Vitamin & Herbal Supplements


Here in the 5th decade health gets real.  This is typically the decade when our bodies cry out for more attention and we listen because we want to stay for the whole party.  Vitamin and herbal supplements advertise benefits especially attractive to people seeking good health, better memory, more energy, and heightened immunity.  In 2015, U.S. consumers will spend 21 billion on vitamin and herbal supplements with no proof of positive benefits.  Not that there is shortage of research; there is plenty.  Once manufactured and put on the shelf, the FDA monitors herbal supplements for consistency, quality, and unsafe ingredients.  However, recent investigations of supplements sold by GNC, Target, Walgreens, and Walmart were found to include very little to none of the herbal listed on the bottle.  Each brand of herbal supplement is a unique cocktail, each company with their own recipe of leaves or roots or both.  These manufacturers are like the kid that passed off oregano as marijuana in high school.  Some people swore they got a buzz, and some people experience benefits from supplements that claim to get rid of a virus faster, lift depression, or help memory.  Lemon water, a long walk in the sunshine, and brain teasers may be just as helpful, but not nearly as quick.  Still others experience how ginkgo biloba lowers sugar levels or how ginseng causes anxiety or headaches.  Working with emergency room staff I learned how important it is for physicians to know all the supplements a patient takes due to drug interactions.  Often supplements have unintended effects when they interact with a prescription drug.  If you take a blood thinner, taking ginkgo biloba or vitamin E can make your blood too thin.  I have a hyper immunity which attacks the synovial tissue around my joints and causes inflammation throughout my body including my organs and brain.  Echinacea, Vitamin C, and other supplements that strengthen immunity promote my disease and work against the prescription medicine I take.  I prefer gaining benefits from anti-inflammatory herbs, like turmeric or cayenne, by adding these spices to recipes.  Doctors recommend getting our vitamins and minerals through good dietary habits, which again, is more time-consuming than swallowing a pill or three.  Preparing food is mindful self-care.  Many of us claim organic food is “too expensive”, but if we add the cost of protein supplements to that of herbals and vitamins, Americans spend more on supplements than on organic food.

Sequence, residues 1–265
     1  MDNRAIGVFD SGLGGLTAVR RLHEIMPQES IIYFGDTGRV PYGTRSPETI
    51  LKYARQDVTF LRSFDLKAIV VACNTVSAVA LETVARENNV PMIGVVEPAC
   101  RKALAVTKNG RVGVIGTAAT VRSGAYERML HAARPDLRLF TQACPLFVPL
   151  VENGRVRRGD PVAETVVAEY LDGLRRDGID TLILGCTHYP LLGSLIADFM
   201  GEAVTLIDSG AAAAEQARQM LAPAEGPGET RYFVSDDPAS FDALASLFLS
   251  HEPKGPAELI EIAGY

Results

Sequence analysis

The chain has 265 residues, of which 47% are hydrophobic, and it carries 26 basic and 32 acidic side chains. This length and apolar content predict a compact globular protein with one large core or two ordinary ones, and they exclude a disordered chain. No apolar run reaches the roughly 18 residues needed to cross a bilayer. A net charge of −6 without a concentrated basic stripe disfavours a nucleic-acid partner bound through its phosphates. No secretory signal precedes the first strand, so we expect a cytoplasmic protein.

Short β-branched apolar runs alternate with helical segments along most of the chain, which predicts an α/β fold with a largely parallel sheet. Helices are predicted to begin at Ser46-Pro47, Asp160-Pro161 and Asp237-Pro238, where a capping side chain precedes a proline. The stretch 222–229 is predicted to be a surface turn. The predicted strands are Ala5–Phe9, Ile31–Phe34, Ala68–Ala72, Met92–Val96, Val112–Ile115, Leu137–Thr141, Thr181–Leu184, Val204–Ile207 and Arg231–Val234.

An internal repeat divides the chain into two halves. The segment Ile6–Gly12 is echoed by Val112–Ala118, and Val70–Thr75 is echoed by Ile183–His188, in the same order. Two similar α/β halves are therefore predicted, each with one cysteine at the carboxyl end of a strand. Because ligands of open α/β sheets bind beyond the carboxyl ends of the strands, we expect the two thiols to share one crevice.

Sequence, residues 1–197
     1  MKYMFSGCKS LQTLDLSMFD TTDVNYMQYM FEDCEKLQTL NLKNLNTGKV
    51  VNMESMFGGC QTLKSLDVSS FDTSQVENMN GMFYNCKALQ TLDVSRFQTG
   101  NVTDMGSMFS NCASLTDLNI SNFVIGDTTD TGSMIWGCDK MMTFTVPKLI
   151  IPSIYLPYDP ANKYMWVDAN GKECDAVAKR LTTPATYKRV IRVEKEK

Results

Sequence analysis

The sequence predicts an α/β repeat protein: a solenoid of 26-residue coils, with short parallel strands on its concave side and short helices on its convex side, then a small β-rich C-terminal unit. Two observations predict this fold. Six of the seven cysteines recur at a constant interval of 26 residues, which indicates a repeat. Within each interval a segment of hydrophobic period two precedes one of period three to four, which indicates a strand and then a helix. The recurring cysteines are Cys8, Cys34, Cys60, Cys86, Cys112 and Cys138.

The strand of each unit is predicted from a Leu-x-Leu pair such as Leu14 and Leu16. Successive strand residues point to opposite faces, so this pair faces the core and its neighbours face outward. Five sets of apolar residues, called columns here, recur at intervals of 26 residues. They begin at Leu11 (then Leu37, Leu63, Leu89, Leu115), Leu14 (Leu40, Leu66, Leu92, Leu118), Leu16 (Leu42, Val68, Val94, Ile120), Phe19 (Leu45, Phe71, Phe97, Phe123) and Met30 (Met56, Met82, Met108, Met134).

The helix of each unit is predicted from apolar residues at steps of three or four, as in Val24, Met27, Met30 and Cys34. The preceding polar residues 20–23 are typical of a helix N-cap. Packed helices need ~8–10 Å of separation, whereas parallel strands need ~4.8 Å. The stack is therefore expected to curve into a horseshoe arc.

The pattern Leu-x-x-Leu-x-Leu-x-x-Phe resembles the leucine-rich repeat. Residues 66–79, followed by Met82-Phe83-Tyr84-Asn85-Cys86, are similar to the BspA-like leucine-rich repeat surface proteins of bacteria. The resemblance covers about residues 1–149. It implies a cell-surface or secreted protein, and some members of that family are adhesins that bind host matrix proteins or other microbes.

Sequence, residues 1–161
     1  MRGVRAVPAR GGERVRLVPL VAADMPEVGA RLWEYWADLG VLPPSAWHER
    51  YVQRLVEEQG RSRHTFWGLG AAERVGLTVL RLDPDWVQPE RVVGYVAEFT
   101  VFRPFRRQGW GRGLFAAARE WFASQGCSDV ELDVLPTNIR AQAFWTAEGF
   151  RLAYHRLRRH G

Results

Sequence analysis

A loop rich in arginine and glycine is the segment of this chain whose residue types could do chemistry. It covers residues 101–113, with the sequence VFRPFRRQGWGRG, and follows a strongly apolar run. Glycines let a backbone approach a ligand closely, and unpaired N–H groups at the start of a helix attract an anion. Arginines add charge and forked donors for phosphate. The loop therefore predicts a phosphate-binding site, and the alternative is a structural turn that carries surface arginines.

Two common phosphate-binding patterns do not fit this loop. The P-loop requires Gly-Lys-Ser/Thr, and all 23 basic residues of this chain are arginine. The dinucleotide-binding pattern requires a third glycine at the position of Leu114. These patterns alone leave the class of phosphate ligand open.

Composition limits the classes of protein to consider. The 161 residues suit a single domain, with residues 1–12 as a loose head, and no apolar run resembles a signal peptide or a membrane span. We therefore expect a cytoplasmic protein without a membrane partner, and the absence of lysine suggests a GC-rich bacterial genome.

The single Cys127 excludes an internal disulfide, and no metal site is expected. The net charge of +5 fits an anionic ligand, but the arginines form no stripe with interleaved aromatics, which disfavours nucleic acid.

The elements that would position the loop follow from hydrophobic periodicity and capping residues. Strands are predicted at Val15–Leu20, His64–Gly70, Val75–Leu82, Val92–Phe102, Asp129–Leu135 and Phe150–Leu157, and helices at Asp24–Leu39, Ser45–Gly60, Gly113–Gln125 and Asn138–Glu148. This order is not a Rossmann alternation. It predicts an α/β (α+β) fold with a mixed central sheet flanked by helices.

Recent research indicates no benefits for adults taking multivitamins, citing they may actually shorten our lives.  So why does the mega vitamin and herbal supplement industry thrive?  I think it takes time to accept new information that argues with long-held beliefs.  Cigarettes and cocaine were once thought to be advantageous to our health, in large part due to expert advertising.  In Shape and Men’s Health magazines supplement ads cuddle up to healthy recipes and ab exercise programs.  Seniors taking Centrum Silver multivitamin are fit and ride bikes with their active friends.  Vitamins are the fountain of youth, which may be why we don’t want to let them go.

Two studies published last month in the British Medical Journal found no evidence that calcium supplements improve health or decrease bone fractures.  This is huge news for every woman who believes taking a combination of calcium and vitamin D helps slow bone loss after menopause.  Sadly, increased calcium in our diets does not make any measurable difference in bone density, either.  The National Osteoporosis Foundation recommends exercise for building and maintaining bone density and preventing falls resulting in fractures.  Exercise is also a prescription for better sleep, improved creativity, depression, and anxiety.

Aging healthfully is an evolving science, yet a consistent practice of exercise and good nutrition is guaranteed to keep us at the party as long as possible.

 

 

 

 

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